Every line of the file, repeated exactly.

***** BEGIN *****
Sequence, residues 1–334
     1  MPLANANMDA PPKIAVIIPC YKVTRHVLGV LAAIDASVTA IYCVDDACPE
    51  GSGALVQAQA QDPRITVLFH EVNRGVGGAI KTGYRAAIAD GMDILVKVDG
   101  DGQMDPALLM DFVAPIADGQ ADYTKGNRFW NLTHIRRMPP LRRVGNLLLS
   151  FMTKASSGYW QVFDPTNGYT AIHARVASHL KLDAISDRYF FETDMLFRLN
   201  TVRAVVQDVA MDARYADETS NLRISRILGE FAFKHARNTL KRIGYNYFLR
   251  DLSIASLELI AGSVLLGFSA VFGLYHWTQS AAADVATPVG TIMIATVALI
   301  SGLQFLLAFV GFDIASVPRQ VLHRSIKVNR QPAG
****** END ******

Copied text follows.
Sequence, residues 1–334
     1  MPLANANMDA PPKIAVIIPC YKVTRHVLGV LAAIDASVTA IYCVDDACPE
    51  GSGALVQAQA QDPRITVLFH EVNRGVGGAI KTGYRAAIAD GMDILVKVDG
   101  DGQMDPALLM DFVAPIADGQ ADYTKGNRFW NLTHIRRMPP LRRVGNLLLS
   151  FMTKASSGYW QVFDPTNGYT AIHARVASHL KLDAISDRYF FETDMLFRLN
   201  TVRAVVQDVA MDARYADETS NLRISRILGE FAFKHARNTL KRIGYNYFLR
   251  DLSIASLELI AGSVLLGFSA VFGLYHWTQS AAADVATPVG TIMIATVALI
   301  SGLQFLLAFV GFDIASVPRQ VLHRSIKVNR QPAG